The West Australian


- Health · Biology · Animals · Zoology · Science · Wildlife · John Curtin · Germany · Curtin University of Technology

The idea of ob­tain­ing di­nosaur DNA from a pre­his­toric mos­quito en­cased in am­ber was the premise be­hind the movie Juras­sic Park but re­searchers from Curtin Univer­sity have done some­thing just as im­pres­sive in real life.

A team led by John Curtin Distin­guished Pro­fes­sor Kl­iti Grice, an or­ganic geo­chemist, ob­tained choles­terol, red blood cells and col­la­gen fi­bres from the 182.7 mil­lion-year-old ver­te­bra of an ichthyosau­r, a large, lung-breath­ing marine rep­tile that re­sem­bled mod­ern dol­phins.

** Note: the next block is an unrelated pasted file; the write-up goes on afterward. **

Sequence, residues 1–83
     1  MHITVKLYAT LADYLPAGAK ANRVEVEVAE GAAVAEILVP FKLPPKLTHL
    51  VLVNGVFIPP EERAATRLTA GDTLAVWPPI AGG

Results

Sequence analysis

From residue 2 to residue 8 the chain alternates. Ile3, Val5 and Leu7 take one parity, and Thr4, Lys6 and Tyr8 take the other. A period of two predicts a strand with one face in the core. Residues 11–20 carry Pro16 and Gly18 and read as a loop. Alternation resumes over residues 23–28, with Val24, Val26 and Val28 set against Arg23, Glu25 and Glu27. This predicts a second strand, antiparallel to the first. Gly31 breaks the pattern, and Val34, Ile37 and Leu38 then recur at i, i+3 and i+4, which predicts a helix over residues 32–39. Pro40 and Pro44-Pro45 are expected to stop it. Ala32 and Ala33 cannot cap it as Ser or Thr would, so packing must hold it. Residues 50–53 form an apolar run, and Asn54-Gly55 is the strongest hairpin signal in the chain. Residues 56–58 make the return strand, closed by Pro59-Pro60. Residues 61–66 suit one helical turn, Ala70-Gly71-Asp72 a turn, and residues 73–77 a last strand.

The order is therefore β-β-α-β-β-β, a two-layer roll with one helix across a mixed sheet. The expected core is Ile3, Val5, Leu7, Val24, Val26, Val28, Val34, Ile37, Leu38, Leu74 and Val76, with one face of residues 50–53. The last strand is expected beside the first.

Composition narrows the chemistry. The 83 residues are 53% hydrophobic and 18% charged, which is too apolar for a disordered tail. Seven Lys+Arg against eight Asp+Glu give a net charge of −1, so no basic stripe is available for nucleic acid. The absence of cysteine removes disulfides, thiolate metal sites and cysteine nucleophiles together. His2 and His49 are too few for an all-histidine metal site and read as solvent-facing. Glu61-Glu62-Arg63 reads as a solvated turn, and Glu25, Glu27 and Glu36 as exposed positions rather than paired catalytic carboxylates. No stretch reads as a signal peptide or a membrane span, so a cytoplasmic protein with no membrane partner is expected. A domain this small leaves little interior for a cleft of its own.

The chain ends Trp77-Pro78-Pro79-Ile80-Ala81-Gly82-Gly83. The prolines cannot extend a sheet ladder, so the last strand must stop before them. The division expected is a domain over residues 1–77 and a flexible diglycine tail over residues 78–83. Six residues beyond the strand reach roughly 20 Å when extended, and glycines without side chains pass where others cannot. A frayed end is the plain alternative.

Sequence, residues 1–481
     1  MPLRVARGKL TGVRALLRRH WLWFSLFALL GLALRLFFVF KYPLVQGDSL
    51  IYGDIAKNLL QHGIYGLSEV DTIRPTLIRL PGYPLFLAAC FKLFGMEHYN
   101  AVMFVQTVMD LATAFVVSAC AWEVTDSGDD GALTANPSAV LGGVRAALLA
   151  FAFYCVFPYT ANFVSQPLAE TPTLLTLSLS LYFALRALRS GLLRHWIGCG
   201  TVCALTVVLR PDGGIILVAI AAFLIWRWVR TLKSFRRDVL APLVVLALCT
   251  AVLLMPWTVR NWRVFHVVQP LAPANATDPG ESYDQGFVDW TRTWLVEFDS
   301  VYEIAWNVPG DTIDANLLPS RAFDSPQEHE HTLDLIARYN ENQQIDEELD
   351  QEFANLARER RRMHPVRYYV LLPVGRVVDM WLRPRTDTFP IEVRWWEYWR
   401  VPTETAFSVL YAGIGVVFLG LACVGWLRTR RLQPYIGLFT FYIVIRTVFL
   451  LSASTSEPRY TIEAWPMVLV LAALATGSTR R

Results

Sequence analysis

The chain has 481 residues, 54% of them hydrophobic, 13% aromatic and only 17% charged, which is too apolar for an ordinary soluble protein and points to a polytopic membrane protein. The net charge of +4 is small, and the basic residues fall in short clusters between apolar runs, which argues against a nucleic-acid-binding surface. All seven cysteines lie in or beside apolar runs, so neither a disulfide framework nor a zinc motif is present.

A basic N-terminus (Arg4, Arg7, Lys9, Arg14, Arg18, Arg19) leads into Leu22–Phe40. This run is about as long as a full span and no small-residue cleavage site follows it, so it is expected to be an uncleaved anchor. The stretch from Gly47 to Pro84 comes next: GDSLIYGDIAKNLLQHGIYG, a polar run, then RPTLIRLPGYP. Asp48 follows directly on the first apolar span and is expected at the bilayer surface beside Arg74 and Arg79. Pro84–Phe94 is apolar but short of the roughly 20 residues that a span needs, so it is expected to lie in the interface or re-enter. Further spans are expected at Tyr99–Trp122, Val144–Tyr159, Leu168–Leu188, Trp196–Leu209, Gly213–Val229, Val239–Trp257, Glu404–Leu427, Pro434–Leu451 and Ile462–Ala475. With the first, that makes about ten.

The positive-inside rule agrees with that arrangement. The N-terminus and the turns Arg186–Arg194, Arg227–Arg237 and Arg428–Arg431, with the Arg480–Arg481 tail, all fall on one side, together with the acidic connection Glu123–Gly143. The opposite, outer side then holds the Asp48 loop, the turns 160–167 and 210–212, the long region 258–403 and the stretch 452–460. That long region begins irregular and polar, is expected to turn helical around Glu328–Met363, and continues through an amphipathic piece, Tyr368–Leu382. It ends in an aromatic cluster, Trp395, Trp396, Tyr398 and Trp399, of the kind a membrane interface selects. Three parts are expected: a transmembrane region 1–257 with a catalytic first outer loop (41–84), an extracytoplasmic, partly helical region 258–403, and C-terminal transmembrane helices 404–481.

Pro­fes­sor Grice said the ver­te­bra, col­lected from a ce­ment quarry in Ger­many, had been fos­silised in a way that pre­served the an­i­mal’s soft tis­sue, giv­ing re­searchers a rare in­sight into its bi­ol­ogy.

“During our analy­ses of the sam­ple, we dis­cov­ered red blood cell struc­tures that were up to five times smaller than those re­ported in most mod­ern or­gan­isms,” Pro­fes­sor Grice said.

The re­searchers be­lieve these small blood cells were an evo­lu­tion­ary re­sponse to the lower at­mo­spheric oxy­gen lev­els in the Early Juras­sic, much like some mod­ern-day mam­mals that have adapted to make smaller red blood cells to live at high al­ti­tude.

The full pa­per was pub­lished in Sci­en­tific Re­ports.

 ??  ?? A graphic of an ichthyosau­r.
A graphic of an ichthyosau­r.

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